Donald Lines Jacobus wrote his article “Austin Bearse and His Alleged Indian Connections” for The American Genealogist 15 (1938-9):111-18 based on an article which was published in The Utah Genealogical Magazine in July 1935 (vol. 22, pp. 99-100), which in turn relied upon Franklyn Bearse’s two manuscripts at the Library of Congress.Written in 1933, the main manuscript is entitled “Who our forefathers really were, a true narrative of our white and Indian ancesters [sic]” by Franklyn Bearce (Ele-wa-tum, or Swimming Eel).
On the website genforum.com, we find that Bearce’s manuscript’s version of the initial Bearse generations was preceded by A History of the Episcopal Church In Narragansett Rhode Island by Wilkins Updike (Boston: D.B. Updike The Merrymount Press 1907), specifically at Chapter X, p. 252-53.This 1907 work, however, is a second edition of a work originally published in 1847.The original edition makes no mention of the Bearse/Hyanno connection.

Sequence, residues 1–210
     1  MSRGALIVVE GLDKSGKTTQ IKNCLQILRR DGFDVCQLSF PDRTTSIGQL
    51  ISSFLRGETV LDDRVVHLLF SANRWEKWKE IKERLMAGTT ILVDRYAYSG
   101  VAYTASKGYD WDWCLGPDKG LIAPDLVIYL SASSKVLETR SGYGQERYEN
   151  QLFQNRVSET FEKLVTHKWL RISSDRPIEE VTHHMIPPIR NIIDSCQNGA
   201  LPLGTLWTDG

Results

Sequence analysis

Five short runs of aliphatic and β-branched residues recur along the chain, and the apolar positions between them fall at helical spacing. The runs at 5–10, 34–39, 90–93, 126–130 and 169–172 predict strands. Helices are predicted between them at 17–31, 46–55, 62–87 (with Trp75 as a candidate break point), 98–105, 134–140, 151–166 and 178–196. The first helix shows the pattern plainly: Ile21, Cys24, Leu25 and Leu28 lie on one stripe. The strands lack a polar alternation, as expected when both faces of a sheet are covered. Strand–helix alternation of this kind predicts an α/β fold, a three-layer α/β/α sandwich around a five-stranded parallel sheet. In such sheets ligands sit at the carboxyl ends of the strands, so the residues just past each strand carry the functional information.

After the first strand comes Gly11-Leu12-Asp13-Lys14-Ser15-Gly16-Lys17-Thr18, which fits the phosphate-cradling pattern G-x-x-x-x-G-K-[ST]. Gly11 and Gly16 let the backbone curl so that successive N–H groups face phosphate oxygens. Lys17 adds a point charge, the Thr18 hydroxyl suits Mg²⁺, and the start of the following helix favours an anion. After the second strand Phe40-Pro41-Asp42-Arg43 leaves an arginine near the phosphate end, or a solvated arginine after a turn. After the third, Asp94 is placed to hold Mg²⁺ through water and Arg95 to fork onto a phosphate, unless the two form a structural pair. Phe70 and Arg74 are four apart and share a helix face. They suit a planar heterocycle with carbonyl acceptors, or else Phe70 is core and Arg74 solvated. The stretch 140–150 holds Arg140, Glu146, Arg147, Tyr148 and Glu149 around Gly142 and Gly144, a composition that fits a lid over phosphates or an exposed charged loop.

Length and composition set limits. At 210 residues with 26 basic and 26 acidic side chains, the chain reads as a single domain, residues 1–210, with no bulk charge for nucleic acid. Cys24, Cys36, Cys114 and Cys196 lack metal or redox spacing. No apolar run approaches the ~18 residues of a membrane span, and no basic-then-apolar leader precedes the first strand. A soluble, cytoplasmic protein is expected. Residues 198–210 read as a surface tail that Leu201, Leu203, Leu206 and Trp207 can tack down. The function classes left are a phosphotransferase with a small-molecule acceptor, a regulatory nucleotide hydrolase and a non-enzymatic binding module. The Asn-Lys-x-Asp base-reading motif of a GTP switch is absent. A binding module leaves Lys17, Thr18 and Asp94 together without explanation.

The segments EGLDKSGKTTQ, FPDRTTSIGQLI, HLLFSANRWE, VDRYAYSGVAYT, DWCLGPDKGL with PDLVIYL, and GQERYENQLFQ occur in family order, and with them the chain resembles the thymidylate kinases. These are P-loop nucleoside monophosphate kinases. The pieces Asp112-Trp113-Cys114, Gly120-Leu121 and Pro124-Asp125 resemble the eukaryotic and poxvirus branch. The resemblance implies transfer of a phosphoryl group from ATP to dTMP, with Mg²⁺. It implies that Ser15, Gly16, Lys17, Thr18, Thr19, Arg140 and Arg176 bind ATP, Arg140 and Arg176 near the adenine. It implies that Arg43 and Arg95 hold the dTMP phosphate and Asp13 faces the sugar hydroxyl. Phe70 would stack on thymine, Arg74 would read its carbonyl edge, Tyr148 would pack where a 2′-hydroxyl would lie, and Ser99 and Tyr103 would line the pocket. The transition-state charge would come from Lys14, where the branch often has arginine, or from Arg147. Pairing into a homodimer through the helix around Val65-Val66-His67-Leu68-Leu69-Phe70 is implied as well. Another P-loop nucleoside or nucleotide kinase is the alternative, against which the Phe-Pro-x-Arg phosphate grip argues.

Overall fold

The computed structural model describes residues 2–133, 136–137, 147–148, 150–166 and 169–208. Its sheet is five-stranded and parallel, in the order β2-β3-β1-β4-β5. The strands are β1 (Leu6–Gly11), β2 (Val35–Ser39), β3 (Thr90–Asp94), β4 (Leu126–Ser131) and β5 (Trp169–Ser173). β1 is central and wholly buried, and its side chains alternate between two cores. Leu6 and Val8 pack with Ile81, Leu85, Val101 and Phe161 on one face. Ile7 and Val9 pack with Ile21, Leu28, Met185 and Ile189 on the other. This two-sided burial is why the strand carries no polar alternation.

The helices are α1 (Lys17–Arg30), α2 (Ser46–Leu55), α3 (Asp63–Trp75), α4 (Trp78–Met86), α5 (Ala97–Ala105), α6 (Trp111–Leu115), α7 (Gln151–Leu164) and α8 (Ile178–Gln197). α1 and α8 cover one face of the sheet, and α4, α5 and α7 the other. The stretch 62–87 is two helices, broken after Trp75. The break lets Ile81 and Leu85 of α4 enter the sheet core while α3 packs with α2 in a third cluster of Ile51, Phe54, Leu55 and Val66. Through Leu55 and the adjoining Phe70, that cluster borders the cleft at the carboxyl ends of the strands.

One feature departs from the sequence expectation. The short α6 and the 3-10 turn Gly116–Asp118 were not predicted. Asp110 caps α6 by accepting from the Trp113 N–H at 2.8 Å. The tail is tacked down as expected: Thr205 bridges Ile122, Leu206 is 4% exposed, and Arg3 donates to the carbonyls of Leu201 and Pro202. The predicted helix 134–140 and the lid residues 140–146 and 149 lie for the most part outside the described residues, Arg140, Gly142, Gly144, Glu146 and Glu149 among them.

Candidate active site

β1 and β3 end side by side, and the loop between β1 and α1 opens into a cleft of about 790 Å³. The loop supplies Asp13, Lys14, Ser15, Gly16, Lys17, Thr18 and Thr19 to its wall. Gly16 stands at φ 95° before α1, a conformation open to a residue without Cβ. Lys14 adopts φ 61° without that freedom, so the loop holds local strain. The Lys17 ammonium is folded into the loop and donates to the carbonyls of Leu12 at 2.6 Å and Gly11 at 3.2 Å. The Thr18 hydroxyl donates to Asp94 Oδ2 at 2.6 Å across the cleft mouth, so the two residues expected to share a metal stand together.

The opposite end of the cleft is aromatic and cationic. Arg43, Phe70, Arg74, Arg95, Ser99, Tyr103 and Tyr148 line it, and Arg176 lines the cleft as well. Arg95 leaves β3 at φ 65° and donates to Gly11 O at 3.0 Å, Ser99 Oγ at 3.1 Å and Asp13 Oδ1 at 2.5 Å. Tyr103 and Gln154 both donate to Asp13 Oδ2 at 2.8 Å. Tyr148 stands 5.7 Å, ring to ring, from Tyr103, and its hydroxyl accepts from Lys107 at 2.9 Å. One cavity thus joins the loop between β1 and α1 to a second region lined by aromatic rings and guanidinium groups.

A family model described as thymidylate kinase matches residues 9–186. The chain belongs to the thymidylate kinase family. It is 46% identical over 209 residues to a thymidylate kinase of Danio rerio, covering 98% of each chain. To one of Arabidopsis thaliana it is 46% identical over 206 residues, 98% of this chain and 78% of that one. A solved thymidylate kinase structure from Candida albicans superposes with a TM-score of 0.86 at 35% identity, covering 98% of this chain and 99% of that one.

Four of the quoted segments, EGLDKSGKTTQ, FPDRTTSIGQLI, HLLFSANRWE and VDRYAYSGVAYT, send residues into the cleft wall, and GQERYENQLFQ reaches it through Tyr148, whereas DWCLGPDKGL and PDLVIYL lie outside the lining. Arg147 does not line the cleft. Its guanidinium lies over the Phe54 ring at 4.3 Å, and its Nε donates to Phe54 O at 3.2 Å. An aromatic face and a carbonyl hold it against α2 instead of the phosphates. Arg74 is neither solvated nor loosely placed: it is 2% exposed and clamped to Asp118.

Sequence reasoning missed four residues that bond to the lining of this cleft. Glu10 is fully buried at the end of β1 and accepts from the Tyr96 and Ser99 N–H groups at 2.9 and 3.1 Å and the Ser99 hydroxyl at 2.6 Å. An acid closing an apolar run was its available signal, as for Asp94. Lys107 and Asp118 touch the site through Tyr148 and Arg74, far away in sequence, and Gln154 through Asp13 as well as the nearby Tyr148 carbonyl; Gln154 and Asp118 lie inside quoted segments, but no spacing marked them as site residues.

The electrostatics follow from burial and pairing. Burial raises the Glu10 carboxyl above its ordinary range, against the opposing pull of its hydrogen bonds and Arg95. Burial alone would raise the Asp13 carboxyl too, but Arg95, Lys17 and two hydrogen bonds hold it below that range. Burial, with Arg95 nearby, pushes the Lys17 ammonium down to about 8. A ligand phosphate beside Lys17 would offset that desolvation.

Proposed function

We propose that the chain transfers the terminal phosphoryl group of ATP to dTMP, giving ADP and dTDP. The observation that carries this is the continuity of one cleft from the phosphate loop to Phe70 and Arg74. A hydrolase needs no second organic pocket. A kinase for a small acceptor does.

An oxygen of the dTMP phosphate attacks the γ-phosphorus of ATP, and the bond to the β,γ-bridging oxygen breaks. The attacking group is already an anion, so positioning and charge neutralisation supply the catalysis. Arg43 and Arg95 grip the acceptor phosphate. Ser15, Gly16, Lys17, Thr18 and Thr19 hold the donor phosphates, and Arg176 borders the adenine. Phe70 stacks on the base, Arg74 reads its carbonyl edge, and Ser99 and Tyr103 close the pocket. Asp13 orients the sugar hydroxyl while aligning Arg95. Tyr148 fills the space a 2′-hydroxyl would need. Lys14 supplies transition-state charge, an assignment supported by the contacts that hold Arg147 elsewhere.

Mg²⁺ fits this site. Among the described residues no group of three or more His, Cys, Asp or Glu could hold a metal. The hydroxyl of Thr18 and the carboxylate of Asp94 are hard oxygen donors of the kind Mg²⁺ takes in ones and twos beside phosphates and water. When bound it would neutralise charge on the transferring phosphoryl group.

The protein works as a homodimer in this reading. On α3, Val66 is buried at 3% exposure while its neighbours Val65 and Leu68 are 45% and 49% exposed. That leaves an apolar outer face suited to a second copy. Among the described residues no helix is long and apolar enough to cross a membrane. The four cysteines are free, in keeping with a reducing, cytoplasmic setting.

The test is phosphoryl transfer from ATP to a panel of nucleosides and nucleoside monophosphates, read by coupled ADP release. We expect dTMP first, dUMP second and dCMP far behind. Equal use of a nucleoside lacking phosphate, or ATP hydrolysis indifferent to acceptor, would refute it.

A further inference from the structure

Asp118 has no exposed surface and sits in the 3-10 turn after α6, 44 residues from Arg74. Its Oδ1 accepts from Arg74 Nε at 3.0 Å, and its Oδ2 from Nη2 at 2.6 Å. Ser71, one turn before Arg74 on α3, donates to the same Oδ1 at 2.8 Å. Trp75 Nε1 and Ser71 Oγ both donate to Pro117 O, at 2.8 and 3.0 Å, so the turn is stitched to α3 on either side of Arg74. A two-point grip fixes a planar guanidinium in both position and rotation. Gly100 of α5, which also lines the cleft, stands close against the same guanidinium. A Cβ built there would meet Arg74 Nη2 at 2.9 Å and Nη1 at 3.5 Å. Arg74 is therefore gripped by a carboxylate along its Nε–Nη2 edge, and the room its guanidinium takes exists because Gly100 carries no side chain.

The History of Cape Cod: The annals of the thirteen towns of Barnstable County by Frederick Freeman (Boston, 1862), Volume II, p. 297, contains an account of the Bearse genealogy and it does not include the Bearse/Hyanno myth.
A Contribution to the Genealogy of the Bearse or Bearss Family in America: 1618-1871 by John Bearss Newcomb (Elgin, Ill.: 1871), which I believe is the earliest treatment of the Bearse family in a genealogy, also does not contain anything about the Hyanno myth.It is noteworthy that this work follows the exact same first three generations (Austin, Joseph, Josiah) as Franklyn Bearce does and never mentions any Native American connection nor any Gypsy connection.
So we can narrow down the genesis of this myth to between 1871 and 1907.One major event of that time frame is the birth of Franklyn Bearce in 1878.He would have been 29 in 1907.Either he influenced the 2nd edition of the Narragansett Episcopal Church or it influenced him.It is impossible to say.